Death As Muse Pt. One
Back on December 11, 2003 an article in the on line journal Web MD by Daniel J DeNoon entitled “Death Stalks Poets” suggests verse writers die sooner than other writers. Naturally, this catches my attention. Not two years earlier and also in December, I went live with mythopoetry.com making the decision ever after to make my work poetry and to make the writing of poetry central to my study of mythic image and mythopoetic and archetypal expressionism in literature and in life. The article “Death Stalks Poets”, reviewed by Charlotte E. Grayson Mathis, MD for Web MD can be had here.
The on line article capitalizes on a study conducted by James C. Kaufman, PhD of California State University. The study appeared in the November, 2003 issue of Death Studies. Kaufman’s data suggests of the four kinds of writers both male and female poets have the shortest lifespan. Kaufman uses biographical references that span millennia and four cultures while factoring in the increase in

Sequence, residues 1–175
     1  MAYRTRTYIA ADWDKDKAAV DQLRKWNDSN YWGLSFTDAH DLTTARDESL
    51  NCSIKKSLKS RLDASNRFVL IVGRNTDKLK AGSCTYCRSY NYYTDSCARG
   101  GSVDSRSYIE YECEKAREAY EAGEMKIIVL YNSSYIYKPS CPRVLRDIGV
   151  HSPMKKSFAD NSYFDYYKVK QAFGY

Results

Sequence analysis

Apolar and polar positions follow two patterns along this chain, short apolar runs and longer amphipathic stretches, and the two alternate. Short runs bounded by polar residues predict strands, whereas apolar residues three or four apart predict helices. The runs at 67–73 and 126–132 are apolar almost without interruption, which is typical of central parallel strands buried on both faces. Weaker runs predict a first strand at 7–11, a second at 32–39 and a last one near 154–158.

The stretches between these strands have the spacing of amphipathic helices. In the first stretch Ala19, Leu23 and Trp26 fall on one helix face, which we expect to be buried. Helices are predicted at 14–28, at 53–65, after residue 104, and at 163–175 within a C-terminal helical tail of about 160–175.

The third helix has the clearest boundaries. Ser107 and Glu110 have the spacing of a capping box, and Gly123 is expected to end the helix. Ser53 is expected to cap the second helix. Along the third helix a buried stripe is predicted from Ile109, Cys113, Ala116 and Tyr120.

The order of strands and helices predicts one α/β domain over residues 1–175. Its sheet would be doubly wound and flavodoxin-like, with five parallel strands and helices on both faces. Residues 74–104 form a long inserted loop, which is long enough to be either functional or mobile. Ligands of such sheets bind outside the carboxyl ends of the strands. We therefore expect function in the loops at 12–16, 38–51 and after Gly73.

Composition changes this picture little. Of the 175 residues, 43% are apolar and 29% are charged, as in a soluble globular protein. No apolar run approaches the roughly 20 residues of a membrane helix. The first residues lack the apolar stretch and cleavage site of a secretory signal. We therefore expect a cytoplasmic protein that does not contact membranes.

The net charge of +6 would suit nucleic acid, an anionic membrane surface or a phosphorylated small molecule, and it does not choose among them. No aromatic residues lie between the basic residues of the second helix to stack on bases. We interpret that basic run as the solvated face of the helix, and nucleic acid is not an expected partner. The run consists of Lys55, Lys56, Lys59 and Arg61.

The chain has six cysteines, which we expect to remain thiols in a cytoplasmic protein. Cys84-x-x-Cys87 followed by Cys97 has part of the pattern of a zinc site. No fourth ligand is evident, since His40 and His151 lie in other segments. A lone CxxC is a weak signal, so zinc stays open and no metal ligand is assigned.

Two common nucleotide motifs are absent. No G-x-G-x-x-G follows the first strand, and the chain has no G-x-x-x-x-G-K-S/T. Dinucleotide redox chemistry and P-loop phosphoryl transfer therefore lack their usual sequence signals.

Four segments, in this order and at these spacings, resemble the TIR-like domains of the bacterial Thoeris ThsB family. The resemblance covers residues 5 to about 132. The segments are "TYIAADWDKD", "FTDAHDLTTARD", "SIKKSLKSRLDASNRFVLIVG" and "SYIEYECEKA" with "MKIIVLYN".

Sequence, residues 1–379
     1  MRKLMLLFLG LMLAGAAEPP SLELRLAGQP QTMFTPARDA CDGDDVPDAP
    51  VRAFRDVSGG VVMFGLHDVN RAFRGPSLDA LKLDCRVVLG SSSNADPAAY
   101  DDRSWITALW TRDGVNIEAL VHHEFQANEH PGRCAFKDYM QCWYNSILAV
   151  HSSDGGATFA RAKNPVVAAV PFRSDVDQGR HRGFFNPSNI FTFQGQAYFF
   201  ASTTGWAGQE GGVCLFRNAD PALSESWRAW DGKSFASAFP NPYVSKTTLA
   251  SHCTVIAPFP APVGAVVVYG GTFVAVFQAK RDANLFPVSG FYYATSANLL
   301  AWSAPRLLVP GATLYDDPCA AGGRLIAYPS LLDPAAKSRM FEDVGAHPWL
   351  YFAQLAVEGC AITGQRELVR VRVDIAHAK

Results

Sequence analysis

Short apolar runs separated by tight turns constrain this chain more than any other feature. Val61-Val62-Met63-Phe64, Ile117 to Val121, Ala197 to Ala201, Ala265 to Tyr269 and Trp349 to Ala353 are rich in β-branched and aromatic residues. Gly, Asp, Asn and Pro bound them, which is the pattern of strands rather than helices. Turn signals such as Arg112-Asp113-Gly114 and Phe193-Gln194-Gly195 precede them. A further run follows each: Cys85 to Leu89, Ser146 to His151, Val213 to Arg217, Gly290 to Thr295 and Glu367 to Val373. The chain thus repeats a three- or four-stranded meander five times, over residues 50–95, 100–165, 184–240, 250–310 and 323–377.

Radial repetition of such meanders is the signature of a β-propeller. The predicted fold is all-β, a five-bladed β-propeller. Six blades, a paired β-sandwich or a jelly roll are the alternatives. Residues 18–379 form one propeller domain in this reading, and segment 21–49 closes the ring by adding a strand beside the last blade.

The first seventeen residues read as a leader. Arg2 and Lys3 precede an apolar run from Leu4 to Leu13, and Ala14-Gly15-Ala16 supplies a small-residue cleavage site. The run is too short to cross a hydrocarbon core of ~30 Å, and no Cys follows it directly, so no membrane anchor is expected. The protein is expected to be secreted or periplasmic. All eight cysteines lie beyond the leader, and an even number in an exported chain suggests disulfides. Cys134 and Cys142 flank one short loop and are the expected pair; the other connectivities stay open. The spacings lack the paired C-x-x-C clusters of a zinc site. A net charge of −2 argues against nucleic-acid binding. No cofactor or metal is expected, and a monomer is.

.Death Playing the Violin To The Artist
lifespan. Kaufman then is asked why he thinks poets die sooner than other writers.
I find it interesting that the use of statistical mean, something that nowhere exists in actuality, and selective factoring, such as knowledge of the increase in life-span over time, does not also factor in its own biases as to where certain determinants are applied while others are not. Such implicit bias gets my dander up. (I’m thinking of dander as meaning ‘redundant’ as if some image the culture already has about poets wants to reinforce itself by repeating a representation of itself inexorably.) When I decided to look at the relationship of poet and poetry to death, this image of death as a stalker stalking poets came back to me. So I thought I would begin this new essay series with some of my thoughts brought about by the older articulation.